An evergreen tree 60 to 80 ft high, of dense pyramidal form, but as usually seen with us less than half as high and more rounded. Leaves oval to oblong-obovate, from 6 to 10 in. long, less than half as wide; tapered to both ends, leathery in texture, glossy dark green above, covered beneath, especially when young, with a thick red-brown felt; stalk 1 to 2 in. long. Flowers among the finest in the genus, globular, 8 to 10 in. across, very fragrant with a spicy or fruity odour, produced continuously during the late summer and autumn. Petals thick and concave, creamy white, broadly obovate. and 4 or 5 in. long. Bot. Mag., t. 1952.
Introduced from the southern United States to England early in the 18th century, this still remains the finest flowered of evergreen trees; and until the advent of the Chinese M. delavayi it was the only really evergreen hardy magnolia. It never suffers from cold at Kew, but open-ground trees grow slowly, especially in height, and are very different from the magnificent pyramids one sees along the Riviera and in Italy. It is apt to have its branches broken during heavy falls of snow, for which reason it is sometimes wise to brace the main branches together by stout wires. In cold localities it makes an admirable wall tree.
The tree ripens seeds freely in the south of Europe and many forms have been raised and named there. But few of these are distinctive enough to be worth mentioning. It is often claimed that this or that variety flowers at an early age, but it would perhaps be nearer the truth to say that a plant of any variety will produce flowers when quite small provided it was raised from layers or cuttings, whereas seedlings may not bloom until twenty or even more years old.
cv. ‘Angustifolia’. – Leaves narrow, tapered at both ends; margins wavy. Introduced from France in 1825.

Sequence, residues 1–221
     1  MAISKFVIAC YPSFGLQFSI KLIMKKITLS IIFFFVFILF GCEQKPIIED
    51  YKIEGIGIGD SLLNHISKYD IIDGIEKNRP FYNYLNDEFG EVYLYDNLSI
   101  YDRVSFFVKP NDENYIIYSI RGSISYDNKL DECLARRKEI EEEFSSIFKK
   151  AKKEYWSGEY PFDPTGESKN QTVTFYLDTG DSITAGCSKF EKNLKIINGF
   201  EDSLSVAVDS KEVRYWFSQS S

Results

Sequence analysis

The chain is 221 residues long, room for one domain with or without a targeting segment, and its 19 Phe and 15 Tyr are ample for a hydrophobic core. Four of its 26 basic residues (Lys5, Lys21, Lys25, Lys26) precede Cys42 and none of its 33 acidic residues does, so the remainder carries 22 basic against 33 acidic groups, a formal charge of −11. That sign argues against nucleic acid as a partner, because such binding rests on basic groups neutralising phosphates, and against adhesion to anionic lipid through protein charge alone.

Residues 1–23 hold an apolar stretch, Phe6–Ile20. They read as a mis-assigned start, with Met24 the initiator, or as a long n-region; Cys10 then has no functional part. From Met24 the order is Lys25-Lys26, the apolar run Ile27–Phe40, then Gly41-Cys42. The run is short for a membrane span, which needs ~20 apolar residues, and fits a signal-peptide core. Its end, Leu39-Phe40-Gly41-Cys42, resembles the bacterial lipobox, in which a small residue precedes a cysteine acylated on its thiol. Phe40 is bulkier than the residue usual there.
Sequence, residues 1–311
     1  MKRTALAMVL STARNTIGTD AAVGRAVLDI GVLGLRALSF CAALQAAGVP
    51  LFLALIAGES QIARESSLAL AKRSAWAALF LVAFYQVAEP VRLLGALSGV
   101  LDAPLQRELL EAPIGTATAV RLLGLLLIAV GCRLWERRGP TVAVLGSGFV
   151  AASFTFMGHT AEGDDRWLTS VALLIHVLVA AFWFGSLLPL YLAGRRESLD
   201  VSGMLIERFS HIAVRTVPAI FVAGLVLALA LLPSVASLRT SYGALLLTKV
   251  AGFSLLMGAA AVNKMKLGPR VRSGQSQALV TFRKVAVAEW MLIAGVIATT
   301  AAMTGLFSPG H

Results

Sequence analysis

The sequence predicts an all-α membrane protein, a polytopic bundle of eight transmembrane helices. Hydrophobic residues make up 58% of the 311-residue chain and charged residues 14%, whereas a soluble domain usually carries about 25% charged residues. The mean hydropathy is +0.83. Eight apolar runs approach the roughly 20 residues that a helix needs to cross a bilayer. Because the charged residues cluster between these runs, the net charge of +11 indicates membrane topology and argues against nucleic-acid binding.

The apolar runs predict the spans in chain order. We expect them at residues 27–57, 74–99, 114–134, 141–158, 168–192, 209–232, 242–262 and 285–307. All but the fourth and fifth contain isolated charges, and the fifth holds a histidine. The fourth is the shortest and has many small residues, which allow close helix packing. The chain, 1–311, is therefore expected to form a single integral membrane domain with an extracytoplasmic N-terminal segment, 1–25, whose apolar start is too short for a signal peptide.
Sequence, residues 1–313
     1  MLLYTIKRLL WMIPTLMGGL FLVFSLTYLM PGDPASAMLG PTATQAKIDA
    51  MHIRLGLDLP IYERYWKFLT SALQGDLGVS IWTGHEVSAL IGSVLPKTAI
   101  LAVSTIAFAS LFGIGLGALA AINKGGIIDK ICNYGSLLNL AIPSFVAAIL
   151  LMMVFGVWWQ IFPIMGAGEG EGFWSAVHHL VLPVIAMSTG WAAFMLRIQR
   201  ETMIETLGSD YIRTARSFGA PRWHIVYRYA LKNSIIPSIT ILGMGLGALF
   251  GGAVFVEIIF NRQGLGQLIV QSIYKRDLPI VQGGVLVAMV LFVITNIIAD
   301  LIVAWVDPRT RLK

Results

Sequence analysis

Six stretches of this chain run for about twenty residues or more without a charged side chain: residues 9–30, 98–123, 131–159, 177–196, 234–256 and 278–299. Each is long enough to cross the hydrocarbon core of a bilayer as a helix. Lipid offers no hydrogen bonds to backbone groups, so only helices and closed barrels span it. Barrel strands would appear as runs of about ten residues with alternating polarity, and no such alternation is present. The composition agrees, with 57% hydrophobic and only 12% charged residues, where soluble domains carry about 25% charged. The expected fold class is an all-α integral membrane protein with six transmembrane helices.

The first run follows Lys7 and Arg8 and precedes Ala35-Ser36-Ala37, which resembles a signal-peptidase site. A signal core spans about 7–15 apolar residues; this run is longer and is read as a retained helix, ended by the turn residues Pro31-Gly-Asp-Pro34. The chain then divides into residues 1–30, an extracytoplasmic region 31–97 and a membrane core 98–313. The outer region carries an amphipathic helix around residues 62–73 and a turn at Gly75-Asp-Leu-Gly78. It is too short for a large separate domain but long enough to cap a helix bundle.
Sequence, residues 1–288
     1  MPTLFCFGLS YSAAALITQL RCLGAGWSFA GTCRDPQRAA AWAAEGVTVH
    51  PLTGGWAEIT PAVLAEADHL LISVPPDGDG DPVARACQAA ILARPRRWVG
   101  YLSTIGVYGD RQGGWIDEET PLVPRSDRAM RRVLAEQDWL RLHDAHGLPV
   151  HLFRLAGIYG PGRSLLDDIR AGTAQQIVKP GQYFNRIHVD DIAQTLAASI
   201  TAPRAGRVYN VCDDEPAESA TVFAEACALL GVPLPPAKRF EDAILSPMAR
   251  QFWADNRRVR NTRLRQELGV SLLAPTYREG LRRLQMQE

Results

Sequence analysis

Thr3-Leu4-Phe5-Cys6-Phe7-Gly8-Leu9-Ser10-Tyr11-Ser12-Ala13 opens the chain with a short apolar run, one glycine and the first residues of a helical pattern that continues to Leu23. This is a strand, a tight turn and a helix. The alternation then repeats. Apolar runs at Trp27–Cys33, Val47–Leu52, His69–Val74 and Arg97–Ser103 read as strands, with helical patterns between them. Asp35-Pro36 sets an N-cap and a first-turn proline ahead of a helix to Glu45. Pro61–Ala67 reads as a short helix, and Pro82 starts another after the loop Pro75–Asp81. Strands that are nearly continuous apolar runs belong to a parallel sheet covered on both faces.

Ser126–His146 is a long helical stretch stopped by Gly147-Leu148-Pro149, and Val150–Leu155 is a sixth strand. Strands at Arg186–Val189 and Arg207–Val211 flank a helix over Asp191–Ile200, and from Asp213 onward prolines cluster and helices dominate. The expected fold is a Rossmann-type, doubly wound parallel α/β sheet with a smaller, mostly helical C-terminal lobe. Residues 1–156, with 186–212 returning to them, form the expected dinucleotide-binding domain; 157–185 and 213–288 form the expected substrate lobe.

cv. ‘Exmouth’ (‘Exoniensis’, ‘Lanceolata’). – Leaves rather narrower than in the type, lanceolate or oval, slightly rusty coloured beneath; of a rather erect or fastigiate habit. Bot. Mag., t. 1952.
The original tree grew in the garden of Sir John Colliton at Exmouth and in Miller’s time (Gard. Diet., 1768) was one of the few sizeable specimens in the country, most of the young plants from the first introduction having been killed in the great frosts of 1739-40. Attempts to reintroduce the species had not been successful, with the result that demand greatly exceeded supply. This may explain how the Exmouth tree came to be rented out to nurserymen, who sold the layers at a price of five guineas each, later falling to half a guinea (Loudon, Arb. et Frut. Brit., Vol. 1, p. 263). The tree was cut down by accident in 1794.
cv. ‘Ferruginea’. – This form was in commerce in 1804 and according to contemporary descriptions it had broader and blunter leaves than ‘Exmouth’, densely rusty beneath, and of bushier habit. The plants now in commerce under this name may be a different though similar clone.
cv. ‘Gloriosa’. – A broad-leaved form which bears flowers of great size and substance – one of the finest.
cv. ‘Goliath’. – Leaves oval, rounded and often abruptly acuminate at the apex, up to 8 in. long, glabrous beneath except for a trace of rust along the midrib. Flowers nearly a foot across when fully expanded. This is now considered to be the finest variety. Award of Merit 1931, First Class Certificate 1951. The origin of this magnolia is uncertain. According to Millais it was first sent out by the Caledonia nursery, Guernsey.